Thursday, September 26, 2013

Deconstructing Don Juan


A Jersey Boy “Don Jon”

By Skip Sheffield

Joseph Gordon-Levitt tells it like it is in his triple-threat directorial debut. “Don Jon.” It is not pretty. The truth often is not.
“Don Jon” is a contemporary retelling of the Don Juan myth of literature, theater and music. A “Don Juan’ is a master of seduction, licentious, stubborn and proud. He is also doomed to eternal damnation.
Jon Martello is the “Don Jon” character created by writer Joseph Gordon-Levitt and played by Gordon-Levitt as actor.
Jon lives comes from a blue collar family in New Jersey. Although he has his own nice apartment, Jon is still very close with his dad Jon, Sr. (Tony Danza) and mother Angela (Glenne Headley). He is less close with younger sister Monica (Brie Larson), who rarely looks up from her Smartphone. The family regularly gets together over noisy Italian dinners and Sunday mass at the local Catholic Church.
Jon is given his nickname by his best buddies, who admire his studliness and winning ways with women. Jon has a deep, dirty secret, however. He finds online pornography more stimulating than real women. No wonder he can love ‘em and leave ‘em.
Then Jon meets an absolute “10.” Barbara Sugarman (Scarlett Johansson) is beyond a scale of ten in her hotness. She has curves in all the right places, an absolutely beautiful face, and though she is no pushover, she is attracted to Jon.
Mom is overjoyed. Perhaps Jon will finally settle down with the right girl instead of settling for endless one-night stands.
It is true that Jon has never felt this way about a woman before. When Barbara begins to make noises about shaping up and improving his lot in life, Jon goes along. Commitment comes with strings. Sometimes they are more like ropes or chains, and Jon has a monkey on his back. It is a monkey that cannot live in Barbara's romantic fantasy dreams.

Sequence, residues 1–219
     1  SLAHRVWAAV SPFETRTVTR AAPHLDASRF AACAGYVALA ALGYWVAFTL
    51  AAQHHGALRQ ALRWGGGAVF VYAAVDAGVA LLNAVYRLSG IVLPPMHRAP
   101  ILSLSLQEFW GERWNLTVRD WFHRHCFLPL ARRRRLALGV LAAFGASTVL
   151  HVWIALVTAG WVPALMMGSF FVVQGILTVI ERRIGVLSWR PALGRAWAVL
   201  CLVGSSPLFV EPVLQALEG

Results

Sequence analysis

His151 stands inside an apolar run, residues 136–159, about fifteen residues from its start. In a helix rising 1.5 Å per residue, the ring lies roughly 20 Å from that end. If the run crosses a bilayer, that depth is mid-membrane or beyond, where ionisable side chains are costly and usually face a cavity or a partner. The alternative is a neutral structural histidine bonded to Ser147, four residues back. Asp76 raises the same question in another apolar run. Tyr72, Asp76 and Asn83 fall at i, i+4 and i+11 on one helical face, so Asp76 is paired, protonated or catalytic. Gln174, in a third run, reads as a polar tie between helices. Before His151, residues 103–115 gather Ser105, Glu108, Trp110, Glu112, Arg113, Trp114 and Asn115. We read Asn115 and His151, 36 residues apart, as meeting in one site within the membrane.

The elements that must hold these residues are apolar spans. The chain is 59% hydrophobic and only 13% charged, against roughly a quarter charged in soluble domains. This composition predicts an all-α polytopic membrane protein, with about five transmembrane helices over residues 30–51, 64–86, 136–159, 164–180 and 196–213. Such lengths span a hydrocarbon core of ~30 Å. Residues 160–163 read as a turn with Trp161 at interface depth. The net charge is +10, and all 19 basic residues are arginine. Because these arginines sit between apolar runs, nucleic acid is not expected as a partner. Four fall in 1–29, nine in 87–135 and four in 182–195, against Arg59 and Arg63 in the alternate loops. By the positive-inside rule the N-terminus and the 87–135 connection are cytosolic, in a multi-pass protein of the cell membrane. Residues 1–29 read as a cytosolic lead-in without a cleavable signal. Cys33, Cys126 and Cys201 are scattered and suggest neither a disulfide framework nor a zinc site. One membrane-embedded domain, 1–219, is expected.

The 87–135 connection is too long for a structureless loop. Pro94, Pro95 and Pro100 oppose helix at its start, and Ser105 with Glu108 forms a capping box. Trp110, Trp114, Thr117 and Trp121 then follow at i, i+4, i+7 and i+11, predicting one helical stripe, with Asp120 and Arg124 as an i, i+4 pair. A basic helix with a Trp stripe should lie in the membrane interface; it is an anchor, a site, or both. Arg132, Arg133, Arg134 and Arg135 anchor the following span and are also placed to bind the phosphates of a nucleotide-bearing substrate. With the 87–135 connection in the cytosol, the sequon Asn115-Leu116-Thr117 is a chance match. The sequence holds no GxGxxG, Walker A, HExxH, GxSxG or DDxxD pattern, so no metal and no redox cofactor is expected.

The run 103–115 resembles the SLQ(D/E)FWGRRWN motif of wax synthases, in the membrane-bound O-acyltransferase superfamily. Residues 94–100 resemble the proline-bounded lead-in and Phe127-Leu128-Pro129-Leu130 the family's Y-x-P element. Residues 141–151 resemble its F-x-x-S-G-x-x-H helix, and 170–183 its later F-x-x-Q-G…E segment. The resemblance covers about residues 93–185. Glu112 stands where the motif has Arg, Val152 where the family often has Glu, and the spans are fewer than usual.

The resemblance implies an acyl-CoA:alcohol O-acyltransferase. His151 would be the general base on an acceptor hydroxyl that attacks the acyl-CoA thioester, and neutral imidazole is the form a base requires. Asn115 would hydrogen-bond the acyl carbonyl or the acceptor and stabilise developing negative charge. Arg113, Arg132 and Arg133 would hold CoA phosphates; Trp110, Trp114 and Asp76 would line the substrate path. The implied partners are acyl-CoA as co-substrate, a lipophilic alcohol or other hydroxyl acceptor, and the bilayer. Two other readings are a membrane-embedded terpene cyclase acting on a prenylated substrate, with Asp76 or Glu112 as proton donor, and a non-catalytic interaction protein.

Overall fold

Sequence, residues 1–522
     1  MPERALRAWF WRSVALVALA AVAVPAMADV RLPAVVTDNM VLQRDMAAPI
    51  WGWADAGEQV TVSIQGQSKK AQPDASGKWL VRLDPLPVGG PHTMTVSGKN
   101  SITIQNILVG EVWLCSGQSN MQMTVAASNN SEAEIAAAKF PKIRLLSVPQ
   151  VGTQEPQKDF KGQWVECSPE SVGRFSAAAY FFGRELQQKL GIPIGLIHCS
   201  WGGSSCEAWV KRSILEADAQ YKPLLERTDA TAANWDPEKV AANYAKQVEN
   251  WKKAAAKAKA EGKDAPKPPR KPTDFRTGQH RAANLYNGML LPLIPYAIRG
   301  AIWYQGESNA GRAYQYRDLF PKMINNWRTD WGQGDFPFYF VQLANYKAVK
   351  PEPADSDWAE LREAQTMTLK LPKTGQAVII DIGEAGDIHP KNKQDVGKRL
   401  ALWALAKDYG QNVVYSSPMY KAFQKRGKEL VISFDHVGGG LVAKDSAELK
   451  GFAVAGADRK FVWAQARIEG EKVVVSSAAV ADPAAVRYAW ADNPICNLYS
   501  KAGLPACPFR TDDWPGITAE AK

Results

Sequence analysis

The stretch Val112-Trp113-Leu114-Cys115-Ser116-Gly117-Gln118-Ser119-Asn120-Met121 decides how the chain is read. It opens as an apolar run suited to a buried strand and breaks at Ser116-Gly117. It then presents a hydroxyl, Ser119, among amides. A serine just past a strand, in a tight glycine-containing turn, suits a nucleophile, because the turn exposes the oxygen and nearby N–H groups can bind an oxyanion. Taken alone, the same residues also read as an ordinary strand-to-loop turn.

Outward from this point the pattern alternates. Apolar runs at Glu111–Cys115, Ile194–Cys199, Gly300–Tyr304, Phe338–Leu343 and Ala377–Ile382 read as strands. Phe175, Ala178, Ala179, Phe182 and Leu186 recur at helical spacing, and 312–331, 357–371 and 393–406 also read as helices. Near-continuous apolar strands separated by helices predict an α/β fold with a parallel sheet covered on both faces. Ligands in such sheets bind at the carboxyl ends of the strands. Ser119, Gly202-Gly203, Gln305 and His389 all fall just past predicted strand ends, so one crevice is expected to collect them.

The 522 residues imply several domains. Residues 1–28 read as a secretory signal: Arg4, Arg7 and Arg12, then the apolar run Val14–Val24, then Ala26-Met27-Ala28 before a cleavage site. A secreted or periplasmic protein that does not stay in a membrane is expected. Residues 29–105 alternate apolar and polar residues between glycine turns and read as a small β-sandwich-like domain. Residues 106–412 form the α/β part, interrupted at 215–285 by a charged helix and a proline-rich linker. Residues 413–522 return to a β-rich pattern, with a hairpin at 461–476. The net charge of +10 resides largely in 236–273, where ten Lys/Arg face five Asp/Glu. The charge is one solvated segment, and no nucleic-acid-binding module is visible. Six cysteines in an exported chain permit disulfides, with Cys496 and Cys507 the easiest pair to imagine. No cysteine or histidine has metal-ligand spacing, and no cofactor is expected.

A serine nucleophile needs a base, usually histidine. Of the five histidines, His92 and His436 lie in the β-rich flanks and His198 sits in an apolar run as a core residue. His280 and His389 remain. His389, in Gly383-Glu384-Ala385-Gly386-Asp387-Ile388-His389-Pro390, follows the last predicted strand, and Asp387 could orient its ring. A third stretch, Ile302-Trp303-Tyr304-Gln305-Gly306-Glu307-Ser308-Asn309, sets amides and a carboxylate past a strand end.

Jon Martello is a miserable excuse of a marriage prospect. He is all about habit, pleasure and surface appearances. He knows he can always be absolved of his sins at confession. Barbara is not a priest however, and when she finds out what Jon does behind her back, she recoils in horror and disgust.
As writer and director, Joseph Gordon-Levitt loves to make Gordon-Levitt the actor squirm. Jon is offered a kind of redemption when he befriends Esther (Julianne Moore), an older college classmate. Esther is a widow with boundless sorrow. She is also a real woman with compassion for immature Jon, but there are no quick, easy answers for Jon.
“Don Jon” shows how we objectify people and fail to realize and appreciate the joy of life. It is not a cheerful movie, but it does have some harsh, cutting truths that may be of help to other Don Juans of the world. Joseph Gordon-Levitt is brave to expose himself so willingly.

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